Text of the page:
The 1950s

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Timeline of Wakefield 1950-1960

The 1950s

The decade was largely one of redevelopment and expansion, especially in terms of the redevelopment of the Bull Ring, Upper Kirkgate, and the bottom part of Northgate. But inevitably it also saw the further loss of old buildings, like the York Hotel and the George Hotel.

The Bus Station, now about to be replaced, was among the first new developments, formally opened on 30 September, 1952.

In terms of expansion, this was the decade when Kettlethorpe council housing estate was built. Many more council houses were added to the Eastmoor estate. Some redevelopment happened because of accident rather than design! Thornes House burnt down in July 1951 and a new school had to be built.

It was also the decade that saw a number of new schools, and the relocation in new premises of others, to meet the growing population on the council estates and the shift away from urban living. So we had Flanshaw St Michael’s Junior School opening in Flanshaw Lane in 1951, Broadway Infants School/Waterton First School 19512, Heath View Primary School 1952, Kettlethorpe Junior and Infants School 1954, Kettlethorpe Junior School 1957.

1950 The early 1950s saw the redevelopment of the Bull Ring with the widening of the
bottom of Northgate by some fifteen feet on its eastern side, and new ranges of shops on
the corners of Savile Street.
1951 Building work commenced on Kettlethorpe council housing estate.
1951 July, Thornes House destroyed by fire.
1952 Wakefield Express celebrated its centenary.
1952 July, work started on the new Electricity Generating Station (ie Power Station)
1952 September, Heath View Primary School opened.
1952 30 September, the bus station in Savile Street opened.
1953 30 August, Coronation Gardens, on the corner of Wood Street and Rishworth
Street, opened to mark the coronation of Elizabeth II
1953 30 September, the York Hotel, York Hotel Yard, Westgate, closed.
1954 Wakefield’s sole remaining live theatre, the Theatre Royal and Opera House, was
closed for conversion to a cinema.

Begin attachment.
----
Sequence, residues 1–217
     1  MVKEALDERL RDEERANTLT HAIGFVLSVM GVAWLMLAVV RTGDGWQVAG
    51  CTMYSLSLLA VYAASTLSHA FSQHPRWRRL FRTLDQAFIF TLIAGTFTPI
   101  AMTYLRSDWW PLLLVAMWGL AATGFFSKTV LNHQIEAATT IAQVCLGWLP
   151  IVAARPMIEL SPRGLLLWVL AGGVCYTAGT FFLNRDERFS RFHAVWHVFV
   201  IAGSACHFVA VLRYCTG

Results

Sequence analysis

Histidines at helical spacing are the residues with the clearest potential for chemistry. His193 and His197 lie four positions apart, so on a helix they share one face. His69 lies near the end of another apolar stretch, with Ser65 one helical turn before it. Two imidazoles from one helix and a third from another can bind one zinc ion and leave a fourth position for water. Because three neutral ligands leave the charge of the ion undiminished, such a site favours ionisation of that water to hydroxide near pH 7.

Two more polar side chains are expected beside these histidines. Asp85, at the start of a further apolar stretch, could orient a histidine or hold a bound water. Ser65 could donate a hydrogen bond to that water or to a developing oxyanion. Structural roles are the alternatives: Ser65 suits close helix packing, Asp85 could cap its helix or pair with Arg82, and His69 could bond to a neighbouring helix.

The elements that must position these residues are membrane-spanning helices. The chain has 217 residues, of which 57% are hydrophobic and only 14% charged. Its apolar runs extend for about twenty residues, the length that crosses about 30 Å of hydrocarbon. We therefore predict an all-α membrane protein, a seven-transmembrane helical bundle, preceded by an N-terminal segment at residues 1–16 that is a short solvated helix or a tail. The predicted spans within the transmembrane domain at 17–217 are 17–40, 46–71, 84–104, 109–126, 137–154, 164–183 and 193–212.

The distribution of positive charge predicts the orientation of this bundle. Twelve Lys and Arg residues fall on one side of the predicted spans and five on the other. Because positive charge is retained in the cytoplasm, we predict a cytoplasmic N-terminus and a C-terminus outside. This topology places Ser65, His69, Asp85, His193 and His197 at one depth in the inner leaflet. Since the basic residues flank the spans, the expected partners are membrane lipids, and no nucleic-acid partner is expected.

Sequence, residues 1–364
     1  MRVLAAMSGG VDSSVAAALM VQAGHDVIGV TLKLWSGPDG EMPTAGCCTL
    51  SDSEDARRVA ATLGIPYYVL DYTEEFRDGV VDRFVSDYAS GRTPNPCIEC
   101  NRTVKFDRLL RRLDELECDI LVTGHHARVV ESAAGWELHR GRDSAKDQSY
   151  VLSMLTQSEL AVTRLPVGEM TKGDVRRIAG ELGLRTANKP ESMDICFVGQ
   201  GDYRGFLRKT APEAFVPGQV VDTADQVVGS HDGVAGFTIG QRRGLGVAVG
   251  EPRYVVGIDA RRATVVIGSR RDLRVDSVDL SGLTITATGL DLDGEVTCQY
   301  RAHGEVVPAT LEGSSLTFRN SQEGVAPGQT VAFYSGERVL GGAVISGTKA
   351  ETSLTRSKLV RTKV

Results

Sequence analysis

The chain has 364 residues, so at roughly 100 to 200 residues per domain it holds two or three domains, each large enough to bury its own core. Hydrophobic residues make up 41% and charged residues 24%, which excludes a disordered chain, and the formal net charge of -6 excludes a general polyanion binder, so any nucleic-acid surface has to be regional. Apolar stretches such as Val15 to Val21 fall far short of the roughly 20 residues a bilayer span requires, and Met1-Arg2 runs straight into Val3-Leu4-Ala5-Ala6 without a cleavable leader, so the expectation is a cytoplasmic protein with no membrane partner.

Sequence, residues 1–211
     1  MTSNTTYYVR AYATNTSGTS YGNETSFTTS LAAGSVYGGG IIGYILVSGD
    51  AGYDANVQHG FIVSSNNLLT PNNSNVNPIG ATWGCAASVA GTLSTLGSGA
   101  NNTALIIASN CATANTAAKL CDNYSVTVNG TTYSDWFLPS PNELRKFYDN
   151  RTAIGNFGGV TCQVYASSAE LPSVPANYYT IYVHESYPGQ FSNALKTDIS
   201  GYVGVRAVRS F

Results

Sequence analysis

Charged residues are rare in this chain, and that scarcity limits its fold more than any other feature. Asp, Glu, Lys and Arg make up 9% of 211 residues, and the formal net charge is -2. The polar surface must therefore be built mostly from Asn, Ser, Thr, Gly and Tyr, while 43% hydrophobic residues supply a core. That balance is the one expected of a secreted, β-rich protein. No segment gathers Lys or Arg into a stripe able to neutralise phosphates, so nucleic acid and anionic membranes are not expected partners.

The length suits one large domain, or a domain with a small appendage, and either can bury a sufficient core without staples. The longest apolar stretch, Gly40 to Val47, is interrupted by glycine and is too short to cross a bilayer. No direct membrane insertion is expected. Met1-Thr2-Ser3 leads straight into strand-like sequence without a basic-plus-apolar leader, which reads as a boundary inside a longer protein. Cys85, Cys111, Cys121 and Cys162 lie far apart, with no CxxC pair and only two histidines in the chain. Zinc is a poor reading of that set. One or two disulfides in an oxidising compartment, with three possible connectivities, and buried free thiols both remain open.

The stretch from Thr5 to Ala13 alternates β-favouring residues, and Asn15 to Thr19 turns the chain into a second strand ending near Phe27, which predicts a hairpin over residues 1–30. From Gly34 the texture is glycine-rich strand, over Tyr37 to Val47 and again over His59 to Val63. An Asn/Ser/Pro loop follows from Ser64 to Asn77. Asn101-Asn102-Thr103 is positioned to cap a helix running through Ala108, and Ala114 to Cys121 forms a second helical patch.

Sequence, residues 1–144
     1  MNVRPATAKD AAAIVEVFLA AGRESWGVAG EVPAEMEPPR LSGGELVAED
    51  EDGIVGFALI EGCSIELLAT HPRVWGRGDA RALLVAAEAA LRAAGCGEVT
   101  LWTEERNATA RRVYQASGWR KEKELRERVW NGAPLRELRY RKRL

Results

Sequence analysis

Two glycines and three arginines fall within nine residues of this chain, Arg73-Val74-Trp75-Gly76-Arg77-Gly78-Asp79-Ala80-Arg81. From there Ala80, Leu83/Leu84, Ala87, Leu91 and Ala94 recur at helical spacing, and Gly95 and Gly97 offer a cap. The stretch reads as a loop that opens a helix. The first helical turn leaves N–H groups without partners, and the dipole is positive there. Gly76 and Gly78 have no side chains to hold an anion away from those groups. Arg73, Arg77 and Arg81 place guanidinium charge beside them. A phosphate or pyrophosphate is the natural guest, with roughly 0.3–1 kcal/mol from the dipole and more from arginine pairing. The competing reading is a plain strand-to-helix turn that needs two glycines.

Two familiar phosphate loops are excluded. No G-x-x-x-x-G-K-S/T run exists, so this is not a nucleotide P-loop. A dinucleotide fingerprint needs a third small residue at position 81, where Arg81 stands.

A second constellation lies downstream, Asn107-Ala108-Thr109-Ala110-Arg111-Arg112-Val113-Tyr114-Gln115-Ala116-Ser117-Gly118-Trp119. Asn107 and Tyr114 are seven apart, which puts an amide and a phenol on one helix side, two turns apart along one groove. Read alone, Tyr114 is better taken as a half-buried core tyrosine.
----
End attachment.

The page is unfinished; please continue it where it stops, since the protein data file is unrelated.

1954 28 August, 178 acres of woodland and lake at Newmillerdam, bought by Wakefield
Corporation in January, were formally opened as a public amenity.
1954 September, Crofton Old Hall became Crofton’s new secondary modern school.
1955 24 January, the Essoldo Cinema opened, a conversion of what had been the
Theatre Royal and Opera House.
1955 The Springs widened.
1955 8 August, the George Hotel on the corner of Southgate and Upper Kirkgate closed,
prior to demolition as part of the Upper Kirkgate widening and redevelopment. Its licence
was transferred to the George, Eastmoor estate.
1955 25 September, Ebenezer Methodist Chapel, Market Street, closed.
1956 29 September, the Carlton Cinema in Grove Road closed. The first of a steady
stream of cinema closures in the Wakefield area.
1957 October, official opening of the £13m electricity generating station at Heath, adding
the twin cooling towers to the Wakefield skyscape.
1957 15 December, the Grand Electric Cinema, housed in the Corn Exchange, closed
after a fire.
1958 September, the West Riding Clean Air Campaign initiated in Wakefield.
1959 February, the Prison Officers’ Training College was opened on Stanley Road in
premises put up during the war for the ‘Bevin Boys’; this meant that premises in Love Lane
could be used solely as a prison Staff College.
1959 February, both the Rex Cinema in Stanley Road, and the Savoy Cinema at
Middlestown closed.
1959 March, Express Dairies’ milk pasteurising and bottling centre opened in Back Lane,
(one of the most advance, technologically, in the world.)
1960 Wakefield-born writer David Storey’s first novel, This Sporting Life, published. Wins
the Macmillan Fiction Award. Later made into a film.

© Kate Taylor, 1999
Published on the Wakefield Historical Website May 2015

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